Belvie Rooks and I have worked together many times now. We’ve led workshops and done presentations on what healing from the legacy of slavery looks like in in several states; at conferences and colleges. We’ve developed a deep and trusting relationship so I had no concerns; just curiosity. I was unfamiliar with Dan Booth Cohen but ordered a copy of his book, I Carry Your Heart in My Heart, and read about the use of constellations as a healing tool with men in prison serving long sentences; many serving “life without the possibility of parole” for murder. It’s a powerful book. It helped me understand the constellation process better… sort of. Many questions remained, which isn’t surprising when I read in his book, “Even in the most ordinary case, a Family Constellation is difficult to explain or fully comprehend.”

At their core, constellations operate from the same basic foundation that the STAR program at Eastern Mennonite University does: that historic traumas, harms experienced by people many generations in the past, continue to impact us today. Science proves this. It turns out that traumatic events create physical changes in the genes of those impacted. Those genes are passed on to future generations. Trauma is inherited (check out this YouTube clip: the key part begins at 1:52 after the beginning).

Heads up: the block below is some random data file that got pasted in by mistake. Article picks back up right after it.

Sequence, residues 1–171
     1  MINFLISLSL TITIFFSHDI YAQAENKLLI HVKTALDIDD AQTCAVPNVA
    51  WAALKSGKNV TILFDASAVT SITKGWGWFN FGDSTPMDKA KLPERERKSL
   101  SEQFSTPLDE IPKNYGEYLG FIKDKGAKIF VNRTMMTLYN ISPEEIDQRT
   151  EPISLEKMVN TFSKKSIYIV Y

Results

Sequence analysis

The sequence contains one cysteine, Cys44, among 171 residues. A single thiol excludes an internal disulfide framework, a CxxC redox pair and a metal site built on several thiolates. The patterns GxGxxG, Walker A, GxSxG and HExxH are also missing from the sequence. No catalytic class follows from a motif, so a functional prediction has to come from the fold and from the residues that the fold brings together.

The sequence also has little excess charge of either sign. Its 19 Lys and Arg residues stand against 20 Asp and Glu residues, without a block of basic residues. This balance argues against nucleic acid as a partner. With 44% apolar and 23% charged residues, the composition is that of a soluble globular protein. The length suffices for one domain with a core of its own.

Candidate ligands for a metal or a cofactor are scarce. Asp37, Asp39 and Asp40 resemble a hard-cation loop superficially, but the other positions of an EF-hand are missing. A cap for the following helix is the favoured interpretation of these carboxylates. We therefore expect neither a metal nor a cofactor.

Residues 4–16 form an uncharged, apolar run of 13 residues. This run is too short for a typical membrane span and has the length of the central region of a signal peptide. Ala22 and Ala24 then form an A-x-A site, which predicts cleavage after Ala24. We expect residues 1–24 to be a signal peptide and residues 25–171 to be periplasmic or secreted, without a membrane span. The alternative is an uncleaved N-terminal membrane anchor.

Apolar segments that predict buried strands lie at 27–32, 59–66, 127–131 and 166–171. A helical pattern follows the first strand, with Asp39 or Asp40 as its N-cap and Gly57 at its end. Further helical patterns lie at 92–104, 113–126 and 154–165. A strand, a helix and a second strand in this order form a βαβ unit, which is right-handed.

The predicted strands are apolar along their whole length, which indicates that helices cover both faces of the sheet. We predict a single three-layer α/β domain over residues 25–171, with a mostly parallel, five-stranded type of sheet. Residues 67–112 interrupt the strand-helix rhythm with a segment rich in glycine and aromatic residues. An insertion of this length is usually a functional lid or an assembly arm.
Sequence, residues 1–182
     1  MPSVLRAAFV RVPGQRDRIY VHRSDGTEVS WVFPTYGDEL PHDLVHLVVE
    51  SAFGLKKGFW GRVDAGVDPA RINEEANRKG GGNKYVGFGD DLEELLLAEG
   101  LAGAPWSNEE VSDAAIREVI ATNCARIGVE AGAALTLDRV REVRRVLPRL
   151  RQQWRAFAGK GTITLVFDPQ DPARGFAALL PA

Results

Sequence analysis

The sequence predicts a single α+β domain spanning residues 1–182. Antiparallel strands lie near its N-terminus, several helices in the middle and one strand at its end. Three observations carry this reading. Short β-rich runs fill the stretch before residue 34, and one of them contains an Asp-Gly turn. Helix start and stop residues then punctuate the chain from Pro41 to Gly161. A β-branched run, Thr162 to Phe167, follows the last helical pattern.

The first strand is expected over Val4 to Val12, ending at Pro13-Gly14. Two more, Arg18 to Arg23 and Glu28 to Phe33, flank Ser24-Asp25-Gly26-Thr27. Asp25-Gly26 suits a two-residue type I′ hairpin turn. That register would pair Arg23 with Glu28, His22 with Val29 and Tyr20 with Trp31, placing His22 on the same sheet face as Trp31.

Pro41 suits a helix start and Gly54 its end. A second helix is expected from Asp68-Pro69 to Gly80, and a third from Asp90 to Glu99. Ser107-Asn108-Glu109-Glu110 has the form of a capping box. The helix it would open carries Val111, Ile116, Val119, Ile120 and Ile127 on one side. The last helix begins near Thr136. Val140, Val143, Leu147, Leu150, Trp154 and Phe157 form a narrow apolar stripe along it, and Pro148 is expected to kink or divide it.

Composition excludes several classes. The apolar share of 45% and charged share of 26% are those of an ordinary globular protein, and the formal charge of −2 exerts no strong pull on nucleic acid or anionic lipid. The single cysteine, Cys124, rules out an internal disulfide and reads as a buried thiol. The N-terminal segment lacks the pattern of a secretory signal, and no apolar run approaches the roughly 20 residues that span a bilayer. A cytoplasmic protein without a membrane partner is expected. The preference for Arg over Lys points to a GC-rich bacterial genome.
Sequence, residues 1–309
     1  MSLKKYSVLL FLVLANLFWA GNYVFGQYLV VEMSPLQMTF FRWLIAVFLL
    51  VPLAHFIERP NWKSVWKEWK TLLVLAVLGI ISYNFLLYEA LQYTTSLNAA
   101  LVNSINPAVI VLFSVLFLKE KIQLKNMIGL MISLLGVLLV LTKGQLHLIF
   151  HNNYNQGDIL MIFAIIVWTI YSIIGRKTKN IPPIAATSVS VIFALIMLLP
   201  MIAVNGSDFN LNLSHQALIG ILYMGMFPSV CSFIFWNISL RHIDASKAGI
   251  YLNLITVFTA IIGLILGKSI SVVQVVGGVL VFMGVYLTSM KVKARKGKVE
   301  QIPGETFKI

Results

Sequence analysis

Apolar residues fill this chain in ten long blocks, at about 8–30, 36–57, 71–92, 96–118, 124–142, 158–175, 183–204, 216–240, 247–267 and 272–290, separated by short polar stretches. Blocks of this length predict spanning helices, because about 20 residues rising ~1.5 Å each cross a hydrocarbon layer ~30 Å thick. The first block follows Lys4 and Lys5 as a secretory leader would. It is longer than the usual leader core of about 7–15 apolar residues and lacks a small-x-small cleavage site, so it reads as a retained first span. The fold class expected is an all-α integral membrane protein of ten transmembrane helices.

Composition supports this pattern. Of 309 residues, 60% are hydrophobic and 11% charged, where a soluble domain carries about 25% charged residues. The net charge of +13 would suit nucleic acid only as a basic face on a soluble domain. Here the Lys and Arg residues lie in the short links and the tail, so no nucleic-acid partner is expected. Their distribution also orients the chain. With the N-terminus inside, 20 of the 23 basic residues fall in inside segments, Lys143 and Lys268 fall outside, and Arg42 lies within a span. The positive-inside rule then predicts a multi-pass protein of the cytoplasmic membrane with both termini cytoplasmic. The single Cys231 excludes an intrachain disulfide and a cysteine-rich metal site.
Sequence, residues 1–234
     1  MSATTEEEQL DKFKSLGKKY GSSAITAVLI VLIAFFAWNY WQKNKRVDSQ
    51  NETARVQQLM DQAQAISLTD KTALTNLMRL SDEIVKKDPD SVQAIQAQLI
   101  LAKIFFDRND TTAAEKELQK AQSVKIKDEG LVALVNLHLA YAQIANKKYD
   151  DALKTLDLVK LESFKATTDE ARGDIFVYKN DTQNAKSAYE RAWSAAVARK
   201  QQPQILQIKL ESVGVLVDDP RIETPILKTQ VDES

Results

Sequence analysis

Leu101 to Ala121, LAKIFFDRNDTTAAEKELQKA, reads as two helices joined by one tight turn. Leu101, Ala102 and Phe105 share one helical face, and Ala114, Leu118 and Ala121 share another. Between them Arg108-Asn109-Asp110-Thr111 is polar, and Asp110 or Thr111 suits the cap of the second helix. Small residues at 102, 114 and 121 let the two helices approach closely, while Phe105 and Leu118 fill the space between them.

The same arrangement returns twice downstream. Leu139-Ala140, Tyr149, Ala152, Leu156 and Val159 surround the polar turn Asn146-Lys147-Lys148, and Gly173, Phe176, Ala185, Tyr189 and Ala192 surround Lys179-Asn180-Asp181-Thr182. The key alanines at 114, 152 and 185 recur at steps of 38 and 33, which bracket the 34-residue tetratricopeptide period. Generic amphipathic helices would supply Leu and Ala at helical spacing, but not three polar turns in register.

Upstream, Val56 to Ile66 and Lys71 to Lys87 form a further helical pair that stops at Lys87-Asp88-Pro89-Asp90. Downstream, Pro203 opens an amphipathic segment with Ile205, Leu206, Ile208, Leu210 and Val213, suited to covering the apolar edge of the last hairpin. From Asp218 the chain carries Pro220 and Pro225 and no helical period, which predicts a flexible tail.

The concept is that the constellation process reveals hidden dynamics from past trauma and allows participants to transform and heal. Having now experienced this process one time I am even more intrigued and look forward to learning more. I believe that many people who attended the workshop that day would agree that constellations may well be another valuable healing tool in dealing with the historic trauma of slavery and its lingering legacy today.

I’ll write more in the future about constellations as I learn more. What I experienced that day was a combination of things that I still have a hard time putting into words. So rather than try to explain what happened from the perspective of my limited base of knowledge, I strongly encourage you to read what Dan wrote about our constellation experience on his blog.

ConverZations That Matter in San Francisco

Posted April 20th, 2011 by Tom

I’ll be in San Francisco April 21 and 22 for two full, rich days of ConverZations That Matter. My friend and colleague Belvie Rooks hosts this ongoing series of converZations that invite us to reach more deeply into issues that matter, into our hearts, and into our connections with others in order to understand, acknowledge, and heal the wounds of intergenerational trauma.